How To Add BotDetect CAPTCHA Protection to ASP.NET MVC 5.0 Applications

BotDetect ASP.NET Captcha protection can be added to your ASP.NET MVC 5.0 applications using the MvcCaptcha class, a BotDetect HtmlHelper and a custom ActionFilterAttribute implemented in the BotDetect.Web.Mvc.dll assembly.

First Time Here?

Check the BotDetect ASP.NET MVC Captcha Quickstart for key integration steps.

You can also see how BotDetect Captcha protection has been added to the starting ASP.NET MVC application by running the BotDetect Captcha ASP.NET MVC integration code examples coming with the BotDetect installation.

You can reuse the example projects source code (available for both C# and VB.NET) that fits your application requirements.

CAPTCHA Integration Steps

When adding BotDetect CAPTCHA to an ASP.NET MVC 5.0 application:
  1. Display a Captcha challenge on the Asp.Net MVC View
  2. Check is the visitor a human in the Controller action
  3. Further Captcha customization and options

I. Display a CAPTCHA Challenge on the ASP.NET MVC View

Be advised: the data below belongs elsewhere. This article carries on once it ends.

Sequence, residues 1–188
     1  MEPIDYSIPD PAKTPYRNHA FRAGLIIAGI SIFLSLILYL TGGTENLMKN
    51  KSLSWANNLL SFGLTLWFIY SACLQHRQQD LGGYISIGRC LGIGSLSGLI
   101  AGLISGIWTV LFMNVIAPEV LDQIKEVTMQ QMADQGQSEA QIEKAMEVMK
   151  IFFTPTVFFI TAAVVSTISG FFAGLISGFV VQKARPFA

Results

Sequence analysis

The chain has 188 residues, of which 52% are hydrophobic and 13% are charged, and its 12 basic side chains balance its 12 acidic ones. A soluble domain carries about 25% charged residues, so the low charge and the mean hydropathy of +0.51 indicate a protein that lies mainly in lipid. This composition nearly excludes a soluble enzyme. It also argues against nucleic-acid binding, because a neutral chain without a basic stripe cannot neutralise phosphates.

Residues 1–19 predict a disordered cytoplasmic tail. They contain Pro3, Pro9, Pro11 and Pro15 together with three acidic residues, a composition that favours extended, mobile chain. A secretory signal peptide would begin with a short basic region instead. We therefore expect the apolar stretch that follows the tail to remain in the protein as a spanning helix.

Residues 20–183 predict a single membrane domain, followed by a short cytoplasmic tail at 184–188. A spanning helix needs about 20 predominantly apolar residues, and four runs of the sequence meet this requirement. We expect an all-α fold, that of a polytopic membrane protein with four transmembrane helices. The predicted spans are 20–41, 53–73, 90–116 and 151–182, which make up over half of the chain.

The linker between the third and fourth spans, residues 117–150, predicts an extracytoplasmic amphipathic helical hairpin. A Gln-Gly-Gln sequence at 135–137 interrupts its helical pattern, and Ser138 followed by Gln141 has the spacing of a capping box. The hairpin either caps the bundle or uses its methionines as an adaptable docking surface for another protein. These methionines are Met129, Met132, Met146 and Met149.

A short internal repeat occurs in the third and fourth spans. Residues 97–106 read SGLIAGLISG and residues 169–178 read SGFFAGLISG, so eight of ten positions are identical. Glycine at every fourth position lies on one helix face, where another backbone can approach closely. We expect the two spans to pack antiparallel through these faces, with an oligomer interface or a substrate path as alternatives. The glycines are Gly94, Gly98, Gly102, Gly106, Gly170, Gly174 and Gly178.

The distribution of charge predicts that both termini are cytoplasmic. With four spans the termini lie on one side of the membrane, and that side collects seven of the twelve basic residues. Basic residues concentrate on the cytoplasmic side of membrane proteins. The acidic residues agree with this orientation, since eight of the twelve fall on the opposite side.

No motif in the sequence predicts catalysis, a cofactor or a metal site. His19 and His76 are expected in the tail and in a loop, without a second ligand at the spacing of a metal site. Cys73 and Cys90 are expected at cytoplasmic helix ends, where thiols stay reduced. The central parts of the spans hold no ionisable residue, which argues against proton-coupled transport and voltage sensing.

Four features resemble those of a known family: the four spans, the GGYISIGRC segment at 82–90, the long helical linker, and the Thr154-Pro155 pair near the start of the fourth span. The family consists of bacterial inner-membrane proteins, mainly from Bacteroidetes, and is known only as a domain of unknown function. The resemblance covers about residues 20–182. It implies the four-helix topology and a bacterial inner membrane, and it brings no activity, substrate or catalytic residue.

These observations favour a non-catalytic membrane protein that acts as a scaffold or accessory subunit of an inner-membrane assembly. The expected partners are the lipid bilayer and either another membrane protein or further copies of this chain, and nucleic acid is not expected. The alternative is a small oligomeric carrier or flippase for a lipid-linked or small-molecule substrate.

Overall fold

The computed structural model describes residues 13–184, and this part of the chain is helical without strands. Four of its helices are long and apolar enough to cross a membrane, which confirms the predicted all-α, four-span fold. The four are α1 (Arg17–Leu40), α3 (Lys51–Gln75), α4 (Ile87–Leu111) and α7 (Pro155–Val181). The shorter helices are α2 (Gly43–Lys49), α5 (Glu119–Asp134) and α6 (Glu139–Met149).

Before protecting a Controller action in your ASP.NET MVC application with BotDetect Captcha, you should decide how to call the Captcha instance and the related textbox you will use. In this guide, we will use ExampleCaptcha and CaptchaCode. If you plan to protect multiple Controller actions within the same ASP.NET MVC application, you should take care to give each Captcha instance a different name (e.g. LoginCaptcha, RegisterCaptcha, CommentCaptcha etc.).

You will also need to register a HttpHandler that will handle Captcha requests, and exclude it from ASP.NET Routing.

Reference BotDetect Assemblies

ASP.NET MVC applications should reference both the base BotDetect.dll assembly and the ASP.NET MVC-specific BotDetect.Web.Mvc.dll assembly. If you didn't change the installation folder during BotDetect setup, they can both be found in the C:\Program Files (x86)\Captcha Inc\BotDetect 4 CAPTCHA Component\Asp.Net\.NET4.5\ folder.